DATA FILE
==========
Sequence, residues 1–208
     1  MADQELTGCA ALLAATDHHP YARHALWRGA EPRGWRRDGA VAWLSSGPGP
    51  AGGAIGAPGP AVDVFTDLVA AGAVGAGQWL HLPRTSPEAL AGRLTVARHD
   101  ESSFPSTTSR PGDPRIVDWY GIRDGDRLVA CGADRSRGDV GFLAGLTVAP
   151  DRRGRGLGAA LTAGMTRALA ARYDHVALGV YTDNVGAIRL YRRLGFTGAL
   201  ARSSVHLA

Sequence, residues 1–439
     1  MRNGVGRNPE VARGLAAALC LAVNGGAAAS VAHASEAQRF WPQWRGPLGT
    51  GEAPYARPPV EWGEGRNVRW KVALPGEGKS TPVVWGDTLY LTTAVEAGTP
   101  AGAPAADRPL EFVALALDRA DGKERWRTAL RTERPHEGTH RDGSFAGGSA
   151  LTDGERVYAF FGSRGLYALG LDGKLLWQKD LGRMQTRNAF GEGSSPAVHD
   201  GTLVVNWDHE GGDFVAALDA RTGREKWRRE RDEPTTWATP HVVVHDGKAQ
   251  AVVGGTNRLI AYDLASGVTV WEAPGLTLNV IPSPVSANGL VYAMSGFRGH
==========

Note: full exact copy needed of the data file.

Sequence, residues 1–208
     1  MADQELTGCA ALLAATDHHP YARHALWRGA EPRGWRRDGA VAWLSSGPGP
    51  AGGAIGAPGP AVDVFTDLVA AGAVGAGQWL HLPRTSPEAL AGRLTVARHD
   101  ESSFPSTTSR PGDPRIVDWY GIRDGDRLVA CGADRSRGDV GFLAGLTVAP
   151  DRRGRGLGAA LTAGMTRALA ARYDHVALGV YTDNVGAIRL YRRLGFTGAL
   201  ARSSVHLA

Sequence, residues 1–439
     1  MRNGVGRNPE VARGLAAALC LAVNGGAAAS VAHASEAQRF WPQWRGPLGT
    51  GEAPYARPPV EWGEGRNVRW KVALPGEGKS TPVVWGDTLY LTTAVEAGTP
   101  AGAPAADRPL EFVALALDRA DGKERWRTAL RTERPHEGTH RDGSFAGGSA
   151  LTDGERVYAF FGSRGLYALG LDGKLLWQKD LGRMQTRNAF GEGSSPAVHD
   201  GTLVVNWDHE GGDFVAALDA RTGREKWRRE RDEPTTWATP HVVVHDGKAQ
   251  AVVGGTNRLI AYDLASGVTV WEAPGLTLNV IPSPVSANGL VYAMSGFRGH